Author: Paget-Seekins, L. and Tironi, M. (2016).
Journal: Transport Policy 49, 176–183
Keywords: Public good, Public space, Public investment, Public transport, Latin America, Informal transit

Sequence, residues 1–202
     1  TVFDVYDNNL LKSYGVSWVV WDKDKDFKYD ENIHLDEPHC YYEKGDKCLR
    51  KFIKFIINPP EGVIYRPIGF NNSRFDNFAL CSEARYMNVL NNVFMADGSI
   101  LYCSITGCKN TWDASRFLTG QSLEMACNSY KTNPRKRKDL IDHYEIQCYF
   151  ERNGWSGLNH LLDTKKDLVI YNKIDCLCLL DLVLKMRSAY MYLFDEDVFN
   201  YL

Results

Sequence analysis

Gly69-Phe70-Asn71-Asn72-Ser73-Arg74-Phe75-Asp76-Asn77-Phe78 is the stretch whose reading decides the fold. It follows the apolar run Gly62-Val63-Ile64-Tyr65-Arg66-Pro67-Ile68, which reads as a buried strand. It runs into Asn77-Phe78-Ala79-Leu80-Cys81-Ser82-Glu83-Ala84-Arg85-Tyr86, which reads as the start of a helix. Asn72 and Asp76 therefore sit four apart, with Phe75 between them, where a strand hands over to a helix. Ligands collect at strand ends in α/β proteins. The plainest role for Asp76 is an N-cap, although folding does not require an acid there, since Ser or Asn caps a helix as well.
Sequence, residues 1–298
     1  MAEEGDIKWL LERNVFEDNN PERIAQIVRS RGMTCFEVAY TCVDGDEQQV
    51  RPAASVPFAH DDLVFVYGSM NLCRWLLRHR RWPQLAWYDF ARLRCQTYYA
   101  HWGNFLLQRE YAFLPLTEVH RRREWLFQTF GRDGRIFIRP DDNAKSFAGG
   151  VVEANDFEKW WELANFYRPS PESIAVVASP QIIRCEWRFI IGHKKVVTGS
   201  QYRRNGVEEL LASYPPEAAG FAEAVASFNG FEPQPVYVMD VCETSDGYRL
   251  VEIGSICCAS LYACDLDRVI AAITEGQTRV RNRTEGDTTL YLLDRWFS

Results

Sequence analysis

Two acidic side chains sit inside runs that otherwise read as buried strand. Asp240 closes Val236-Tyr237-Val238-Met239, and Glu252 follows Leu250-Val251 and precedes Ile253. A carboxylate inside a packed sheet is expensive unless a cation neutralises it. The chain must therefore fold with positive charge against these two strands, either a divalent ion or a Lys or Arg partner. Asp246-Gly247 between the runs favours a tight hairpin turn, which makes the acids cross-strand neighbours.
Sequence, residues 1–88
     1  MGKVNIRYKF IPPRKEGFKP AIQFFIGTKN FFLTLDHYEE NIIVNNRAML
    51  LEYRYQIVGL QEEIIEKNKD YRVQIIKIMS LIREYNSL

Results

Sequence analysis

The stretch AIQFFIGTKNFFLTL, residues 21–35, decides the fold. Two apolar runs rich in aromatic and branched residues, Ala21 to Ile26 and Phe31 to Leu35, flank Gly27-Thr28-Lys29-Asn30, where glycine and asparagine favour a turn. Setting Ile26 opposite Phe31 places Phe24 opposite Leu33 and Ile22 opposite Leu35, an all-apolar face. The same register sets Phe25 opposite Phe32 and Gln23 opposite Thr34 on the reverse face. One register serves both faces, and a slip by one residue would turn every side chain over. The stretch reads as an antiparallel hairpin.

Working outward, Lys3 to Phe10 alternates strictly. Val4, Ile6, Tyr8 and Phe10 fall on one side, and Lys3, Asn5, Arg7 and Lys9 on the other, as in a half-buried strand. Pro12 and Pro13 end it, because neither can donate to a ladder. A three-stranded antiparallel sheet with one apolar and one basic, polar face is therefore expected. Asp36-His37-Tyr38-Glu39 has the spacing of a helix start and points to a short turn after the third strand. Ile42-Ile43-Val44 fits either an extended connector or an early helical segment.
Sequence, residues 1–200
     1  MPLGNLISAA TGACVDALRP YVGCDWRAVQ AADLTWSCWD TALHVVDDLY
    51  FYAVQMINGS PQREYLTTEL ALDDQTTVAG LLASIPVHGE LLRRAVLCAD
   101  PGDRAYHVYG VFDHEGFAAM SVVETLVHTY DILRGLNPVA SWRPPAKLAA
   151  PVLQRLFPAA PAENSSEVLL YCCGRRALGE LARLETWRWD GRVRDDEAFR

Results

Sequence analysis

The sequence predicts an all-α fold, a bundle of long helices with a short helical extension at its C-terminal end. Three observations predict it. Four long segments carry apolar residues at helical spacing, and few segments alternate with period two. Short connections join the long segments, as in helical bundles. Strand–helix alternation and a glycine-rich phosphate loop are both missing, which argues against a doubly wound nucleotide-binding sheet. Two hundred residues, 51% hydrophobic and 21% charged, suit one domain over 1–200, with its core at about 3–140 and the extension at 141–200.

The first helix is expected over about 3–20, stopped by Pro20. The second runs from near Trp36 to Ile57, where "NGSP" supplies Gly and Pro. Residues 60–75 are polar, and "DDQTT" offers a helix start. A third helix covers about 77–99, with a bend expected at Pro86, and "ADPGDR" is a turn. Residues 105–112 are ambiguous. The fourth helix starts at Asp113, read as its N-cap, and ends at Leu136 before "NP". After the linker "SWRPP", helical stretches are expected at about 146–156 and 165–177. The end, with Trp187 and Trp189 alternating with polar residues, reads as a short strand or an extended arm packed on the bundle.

Public transport can be ‘public’ in multiple ways and without specificity when one public aspect changes there is no way to consider the impacts of that change. Currently there is a process of transit formalization taking place in Latin American cities that is changing the publicness of their systems. This paper identifies four publicness types- public space, public goods, public ownership, and public concern- and discusses the implications of transit projects in Santiago, Bogotá, Quito, and Mexico City on all four. While the impacts are not heterogeneous, governments are recognizing transit as a public good and introducing public funding and public ownership of Bus Rapid Transit and other infrastructure. These changes have the potential to strengthen public transit’s role as public space and are increasing transit as an issue of public concern, but there has been little formalization of public participation in the process. Public transit is now a three way relationship between private operators, government agencies, and the community, but most of the focus in this new arrangement has been on the contracts between the operators and government and less attention has been paid to the relationship with the public.